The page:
While Ouita and Chris travel, Rona talks with Dr. John van Willigen about his life and work as an applied anthropologist. John's interests have led him to study Wisconsin-brewed Kikkoman soy sauce, work with the Tohono O’Odham Nation in Arizona, document Kentucky's tobacco farming and family farm life, and chronicle Kentucky's community cookbooks. One of his current arenas of research and writing involves learning what people ate in Kentucky from about 1750 to 1820, when the steamboats arrived (and brought oysters, along with much change.)

Bravetart—Stella Parks, Pastry Chef and Writer: HWC-2017-06-20

Listen to this episode here.

Here comes a fantastic new cookbook by Kentuckian Stella Parks! Release date August 15, 2017 (also the birthday of Chef Ouita Michel and Saint Julia Child)

Here comes a fantastic new cookbook by Kentuckian Stella Parks! Release date August 15, 2017 (also the birthday of Chef Ouita Michel and Saint Julia Child)

Stella Parks gratified as many of the wishes of the Hot Water Cornbread crew as she possibly could in one short hour (minus our worthy PSAs and sponsor spots). Chef Ouita and Stella have a long history, extending back to Stella's high school days—when, Ouita points out, Stella was already famous in Woodford County, Kentucky, for her cookies. 

We talked about what it has been like, making a big, fine cookbook for six years. Bravetart: Iconic American Desserts launches on August 15. Preorder now

Stella shared some of her deep knowledge of vanilla, a crucial pastry ingredient. Listen to her take on when you might appropriately use synthetic vanilla (vanillin from sources other than a vanilla bean), and how to work with vanilla extracts originating in different parts of the world. Hear her take on why vanilla beans, selling at about $300/pound at the moment, are underpriced as well as under-valued. 

We paid respects, 176 years after the fact, to Edmond Albius, a 12-year old slave on the island of Réunion in the Indian Ocean, who discovered how humans can bring about pollination in vanilla beans, a system still in use to produce virtually every precious vanilla bean today.

Enjoy Stella!

Alma Kajtazovic of Sorella Gelateria: HWC-2017-06-13

Listen here to this episode with Alma Kajtazovic of Sorella Gelateria.

From left, Chris Michel, Ouita Michel, Alma Kajtazovic

From left, Chris Michel, Ouita Michel, Alma Kajtazovic

We've admired Alma Kajtazovic for years, for her work to build community as well as her financial and management smarts, used on behalf of arts and good causes. Since December 2015, we have had new reasons for awe and amazement: hazelnut, strawberry, whipped cream, espresso, simply bourbon, caramel latte, mango, raspberry, peach, salted caramel . . . and more flavors of exquisite gelato, served up at Sorella Gelateria, 219. North Limestone in Lexington. Alma and her sister Selma Sulejmanagic own and manage Sorella (which means "sisters" in Italian).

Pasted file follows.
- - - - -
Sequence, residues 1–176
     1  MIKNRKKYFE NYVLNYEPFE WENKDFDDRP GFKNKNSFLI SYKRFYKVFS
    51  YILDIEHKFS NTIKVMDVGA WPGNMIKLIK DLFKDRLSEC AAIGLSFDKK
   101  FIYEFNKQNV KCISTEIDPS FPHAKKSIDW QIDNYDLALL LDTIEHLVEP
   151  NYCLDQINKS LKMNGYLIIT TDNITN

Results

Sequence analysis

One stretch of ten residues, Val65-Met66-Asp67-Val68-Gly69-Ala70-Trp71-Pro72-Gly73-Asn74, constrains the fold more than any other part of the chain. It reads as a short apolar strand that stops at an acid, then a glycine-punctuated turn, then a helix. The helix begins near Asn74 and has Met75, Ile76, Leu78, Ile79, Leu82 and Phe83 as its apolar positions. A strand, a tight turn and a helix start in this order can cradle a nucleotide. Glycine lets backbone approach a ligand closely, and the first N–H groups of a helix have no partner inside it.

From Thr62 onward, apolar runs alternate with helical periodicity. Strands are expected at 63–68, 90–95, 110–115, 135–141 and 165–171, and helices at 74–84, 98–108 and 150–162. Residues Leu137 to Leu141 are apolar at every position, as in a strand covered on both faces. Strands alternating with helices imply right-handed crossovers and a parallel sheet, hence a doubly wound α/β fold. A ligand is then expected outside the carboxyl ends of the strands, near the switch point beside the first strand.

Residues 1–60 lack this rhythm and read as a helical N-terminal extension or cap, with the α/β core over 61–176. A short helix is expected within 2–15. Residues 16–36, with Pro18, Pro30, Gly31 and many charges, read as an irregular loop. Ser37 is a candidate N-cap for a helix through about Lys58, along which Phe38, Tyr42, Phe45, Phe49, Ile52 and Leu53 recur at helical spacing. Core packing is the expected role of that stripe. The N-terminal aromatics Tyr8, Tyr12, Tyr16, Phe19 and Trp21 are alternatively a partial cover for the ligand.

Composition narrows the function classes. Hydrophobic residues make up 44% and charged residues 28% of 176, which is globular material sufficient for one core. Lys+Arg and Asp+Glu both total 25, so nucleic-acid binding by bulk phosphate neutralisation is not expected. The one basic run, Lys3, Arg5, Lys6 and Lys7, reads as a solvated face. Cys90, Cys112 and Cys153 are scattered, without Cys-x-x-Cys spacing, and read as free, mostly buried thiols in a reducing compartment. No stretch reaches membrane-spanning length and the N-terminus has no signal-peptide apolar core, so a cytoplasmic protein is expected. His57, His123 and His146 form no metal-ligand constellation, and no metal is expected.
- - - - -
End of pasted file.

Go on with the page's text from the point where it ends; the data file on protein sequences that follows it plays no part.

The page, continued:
Today we welcomed Alma into the WLXU studio at Lexington Community Radio to talk about her background, how she and Selma divide and share the work of preparing and distributing perfect gelato to both retail and wholesale customers, and what it's like to be chillin' in a new-old space on the fired up culinary corridor of Lexington's Limestone Street.

Enjoy the sweetness!

Chef Jonathan Sanning and the James Beard Foundation Blended Burger Project

Enjoy listening to this episode here.

After the show, outside the WLXU studio at Lexington Community Radio, from left, Chef Jonathan Sanning, Rona Roberts, Chris Michel, Chef Ouita Michel

After the show, outside the WLXU studio at Lexington Community Radio, from left, Chef Jonathan Sanning, Rona Roberts, Chris Michel, Chef Ouita Michel

Chef Jonathan Sanning of Smithtown Seafood led Kentucky into the James Beard Foundation Blended Burger Project three years ago, creating memorable burger-mushroom concoctions like the Beef WELLington Burger that remain popular on the menu at the restaurant. Ouita calls Jon "Lexington's most creative chef." The Huit-a-Burger he has created for the 2017 Blended Burger national competition demonstrates his imaginative ways of using local ingredients to present delicious flavors drawn from cultures and cuisines around the world.

The Blended Burger Project is a competition, so go eat the fabulous burger (...chorizo seasoning, avocado crema, lime slaw, corn mushroom queso, and so much more) and then vote for the Huit-a-Burger to win the national contest. Munch the burger—or the other wonderful food at Smithtown Seafood—as you listen to Chef Jon tell about becoming a chef and what he values most in his work.

In Our Kitchens: Strawberries and Peanuts--HWC-2017-05-23

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Tasting traditional Strawberry Preserves and Strawberry Balsamic Black Pepper Jam in the studios at WLXU-LP FM, 93.9, Lexington Community Radio.

Tasting traditional Strawberry Preserves and Strawberry Balsamic Black Pepper Jam in the studios at WLXU-LP FM, 93.9, Lexington Community Radio.

Ideas pile up and longings accumulate in our kitchens, and we want to TALK about them, go more deeply into them, explore them together. This episode indulges that longing and goes deeply into strawberries, including their health benefits, simple preparations, preservation options (both classic and tartly surprising, tasted live in the studio).

Then Chef Ouita brought out the results of her research into the history of the peanut and its culinary travels into our homes, a tale that is so bizarre she couldn't possibly have made it up. We learn, too, about the nature of many of the 105 ways the brilliant Dr. George Washington Carver suggested preparing the peanut for health and happiness.

Enjoy!